According to Newport Beach, Calif.-based PIMCO's Bill Gross, the party of rapid home price appreciation should come to a fizzle within the next three-to-six months.
"Make no mistake about it, the froth in the U.S. housing market is about to lose its effervescence; the bubble is about to become less bubbly," wrote Gross in his October investment outlook released last week. The question on the minds of many, whether that decline will be a soft descent or a rapid fall, is not answered by Gross, but as others have concluded, he writes that the economy could escape recession in the first scenario, albeit with an economy that loses 1% to 2% of its GDP. For exotic mortgage wielding homeowners, there could be a softened blow if the slowdown results in cuts to short-term interest rates.
Gross estimates that real housing prices have historically peaked four-to-six quarters following the first time an economy's central bank raises short-term interest rates and after about a 200 basis point increase, topping out after rates rise 300 basis points. "I find it illuminating that our own Fed has raised policy rates for nearly five quarters now to the tune of 275 basis points, dead on the average point where real housing prices have peaked over the past 35 years," he wrote. The number of Americans for whom it would be financially feasible to own a home is also at a 15-year low, and lenders are becoming increasingly reluctant, Gross added.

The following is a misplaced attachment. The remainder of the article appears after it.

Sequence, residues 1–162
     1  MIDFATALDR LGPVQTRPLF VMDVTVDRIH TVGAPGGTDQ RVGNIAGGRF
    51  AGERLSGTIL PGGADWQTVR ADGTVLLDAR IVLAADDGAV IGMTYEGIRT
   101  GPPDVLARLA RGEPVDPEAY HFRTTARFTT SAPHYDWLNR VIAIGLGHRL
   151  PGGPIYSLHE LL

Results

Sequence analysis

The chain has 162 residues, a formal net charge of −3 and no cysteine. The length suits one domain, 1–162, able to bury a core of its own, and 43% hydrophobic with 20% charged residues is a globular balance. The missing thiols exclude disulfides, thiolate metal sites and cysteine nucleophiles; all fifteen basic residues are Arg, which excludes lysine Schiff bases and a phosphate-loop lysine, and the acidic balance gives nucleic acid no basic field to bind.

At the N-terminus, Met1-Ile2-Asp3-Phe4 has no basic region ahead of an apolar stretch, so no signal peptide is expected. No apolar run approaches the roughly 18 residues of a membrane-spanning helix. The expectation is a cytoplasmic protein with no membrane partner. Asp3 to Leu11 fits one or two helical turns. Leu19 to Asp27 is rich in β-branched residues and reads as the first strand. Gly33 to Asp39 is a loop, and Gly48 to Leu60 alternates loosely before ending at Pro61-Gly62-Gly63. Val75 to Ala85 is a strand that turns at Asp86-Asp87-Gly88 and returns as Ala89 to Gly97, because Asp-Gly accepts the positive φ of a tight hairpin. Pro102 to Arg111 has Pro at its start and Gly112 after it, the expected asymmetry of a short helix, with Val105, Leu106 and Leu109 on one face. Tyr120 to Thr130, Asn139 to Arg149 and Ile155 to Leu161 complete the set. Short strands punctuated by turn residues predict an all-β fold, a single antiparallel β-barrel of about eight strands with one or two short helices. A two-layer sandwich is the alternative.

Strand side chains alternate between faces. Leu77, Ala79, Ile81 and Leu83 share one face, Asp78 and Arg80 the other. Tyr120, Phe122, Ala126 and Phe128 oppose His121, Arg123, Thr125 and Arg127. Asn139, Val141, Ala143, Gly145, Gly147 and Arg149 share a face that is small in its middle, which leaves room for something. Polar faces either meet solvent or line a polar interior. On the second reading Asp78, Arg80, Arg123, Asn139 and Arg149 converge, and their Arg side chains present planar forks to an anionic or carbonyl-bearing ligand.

According to a September study co-authored by Federal Reserve chairman Alan Greenspan, homeowners borrowed $600 billion in 2004 against their homes, amounting to some 6.9% of disposable personal income in the country. That compares with around 3% in 2000 and less than 1% in 1993.
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